Reformulating the economic case for independence

Laurie McFarlane gives his take on the big economic issues facing the case for Scottish independence, issues which are suddenly urgent in the post-Brexit context

THE United Kingdom has voted to leave the European Union. David Cameron has resigned. Sinn Fein have raised the prospect of Irish Reunification. Sterling has fallen off a cliff. Scottish independence is back on the agenda.

Brexit marked a crisis point in the history the United Kingdom, and the ramifications will likely be felt for generations. It may spell the beginning of the end of the United Kingdom’s very existence.

In the short term, we must be mindful of all the EU citizens working and living in the UK who have been made to feel unwelcome and whose livelihood has been cast into doubt. In Scotland and elsewhere, we have a duty to ensure that all non-UK citizens feel welcome. It also seems likely that we are about to witness a rightward lurch UK politics, and so it's important that we keep reminding people that the problems in the country aren't caused by immigrants, but by our own government.

In the longer term, another referendum on Scottish independence now seems inevitable. Those who voted No in 2014 now need to consider whether they see their future as an independent country within the EU or as part of the UK outside the EU. I have spoken to many people for whom Brexit has triggered a change of heart on independence.

“Much work remains to be done to make a compelling economic case for independence which learns from the shortcomings of the campaign in 2014. In my view, there are five key issues which need particular attention.”

Although it’s unlikely that a referendum will be held any time soon, it’s important to start thinking about strategy straight away. In particular, much work remains to be done to make a compelling economic case for independence which learns from the shortcomings of the campaign in 2014. In my view, there are five key issues which need particular attention.

The first issue is currency. The insistence that Scotland would continue to use Sterling under independence, despite the protestations of the UK Government, was undoubtedly a weak point of the campaign in 2014. Brexit has only made this weaker. This time round it is critical that the long term vision for independence involves neither Sterling or the Euro, but monetary sovereignty. Interest rates, exchange rates and liquidity provision are vital levers for managing a small and open economy in a turbulent and globalised world. To surrender these in favour of a monetary union – whether Sterling or the Euro – would be a mistake. There would likely need to be a transition mechanism in place, either using Sterling or a currency peg, but it should be made clear that this is not a desirable long term solution. This is a complex but critical issue – perhaps the most critical issue – which needs detailed consideration.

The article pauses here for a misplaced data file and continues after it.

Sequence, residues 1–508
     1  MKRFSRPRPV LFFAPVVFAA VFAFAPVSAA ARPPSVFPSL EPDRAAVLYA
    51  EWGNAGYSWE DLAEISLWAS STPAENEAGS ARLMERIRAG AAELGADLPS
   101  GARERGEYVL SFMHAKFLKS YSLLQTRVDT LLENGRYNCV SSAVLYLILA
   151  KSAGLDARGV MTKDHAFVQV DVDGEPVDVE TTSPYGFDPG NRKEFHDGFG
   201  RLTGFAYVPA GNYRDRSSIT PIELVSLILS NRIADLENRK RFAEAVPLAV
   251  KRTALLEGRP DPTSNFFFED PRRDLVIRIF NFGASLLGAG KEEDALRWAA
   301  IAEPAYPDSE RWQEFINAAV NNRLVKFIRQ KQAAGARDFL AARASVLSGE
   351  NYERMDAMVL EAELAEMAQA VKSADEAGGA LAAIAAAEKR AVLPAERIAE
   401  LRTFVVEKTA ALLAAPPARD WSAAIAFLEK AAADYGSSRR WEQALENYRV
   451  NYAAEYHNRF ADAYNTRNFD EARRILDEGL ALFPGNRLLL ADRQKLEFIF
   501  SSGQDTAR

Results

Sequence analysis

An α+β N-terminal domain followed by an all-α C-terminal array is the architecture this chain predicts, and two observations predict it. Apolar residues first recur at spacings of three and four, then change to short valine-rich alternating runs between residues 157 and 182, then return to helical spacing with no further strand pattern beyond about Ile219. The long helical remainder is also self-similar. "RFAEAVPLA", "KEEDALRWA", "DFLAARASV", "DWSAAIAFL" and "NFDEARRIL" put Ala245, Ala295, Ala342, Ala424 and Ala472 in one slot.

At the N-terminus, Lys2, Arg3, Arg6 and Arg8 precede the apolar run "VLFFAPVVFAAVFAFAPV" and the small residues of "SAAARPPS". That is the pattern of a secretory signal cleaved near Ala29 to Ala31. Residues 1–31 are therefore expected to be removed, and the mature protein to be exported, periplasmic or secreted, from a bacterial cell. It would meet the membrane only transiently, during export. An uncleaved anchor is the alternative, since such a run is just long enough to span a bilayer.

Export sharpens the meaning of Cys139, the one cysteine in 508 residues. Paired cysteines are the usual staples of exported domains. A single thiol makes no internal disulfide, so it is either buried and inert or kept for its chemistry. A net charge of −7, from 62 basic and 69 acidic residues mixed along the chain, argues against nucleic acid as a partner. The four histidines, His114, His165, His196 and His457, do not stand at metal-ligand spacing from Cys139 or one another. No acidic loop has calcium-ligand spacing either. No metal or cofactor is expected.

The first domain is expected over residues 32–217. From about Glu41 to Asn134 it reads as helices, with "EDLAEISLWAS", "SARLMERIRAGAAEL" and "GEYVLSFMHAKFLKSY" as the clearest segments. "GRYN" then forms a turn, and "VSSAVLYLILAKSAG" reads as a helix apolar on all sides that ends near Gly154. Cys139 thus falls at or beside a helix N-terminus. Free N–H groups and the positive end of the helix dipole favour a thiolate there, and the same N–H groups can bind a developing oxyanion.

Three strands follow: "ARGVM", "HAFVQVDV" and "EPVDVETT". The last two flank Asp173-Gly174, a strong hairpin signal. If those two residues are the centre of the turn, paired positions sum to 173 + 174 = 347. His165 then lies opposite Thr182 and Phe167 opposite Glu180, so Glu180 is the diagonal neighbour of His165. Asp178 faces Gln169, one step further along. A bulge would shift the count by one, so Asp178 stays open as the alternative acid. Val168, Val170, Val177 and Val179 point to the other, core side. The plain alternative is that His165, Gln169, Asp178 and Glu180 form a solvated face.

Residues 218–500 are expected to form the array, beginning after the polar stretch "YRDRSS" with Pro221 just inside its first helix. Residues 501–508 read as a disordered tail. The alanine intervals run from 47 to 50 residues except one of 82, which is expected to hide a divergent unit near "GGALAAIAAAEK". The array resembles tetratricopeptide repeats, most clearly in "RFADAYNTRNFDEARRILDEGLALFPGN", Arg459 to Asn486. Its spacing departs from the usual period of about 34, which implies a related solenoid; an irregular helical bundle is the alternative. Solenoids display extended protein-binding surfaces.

The second issue is oil and gas. The collapse in the oil price has highlighted to the public just how volatile a revenue source the North Sea is. Moreover, combatting climate change means that in the medium term we need to be transitioning our economy away from fossil fuels. Predicted oil and gas revenues should therefore play no part in the economic case for independence, and any fiscal forecasting should be done on the basis of an assumption of zero tax receipts from the North Sea. It should be made clear that any receipts from oil and gas will be ring fenced in an investment fund and not used for day-to-day spending.

“We need be honest about the fact that Scotland’s public finances are not sustainable in their current form. This means making some difficult trade offs.”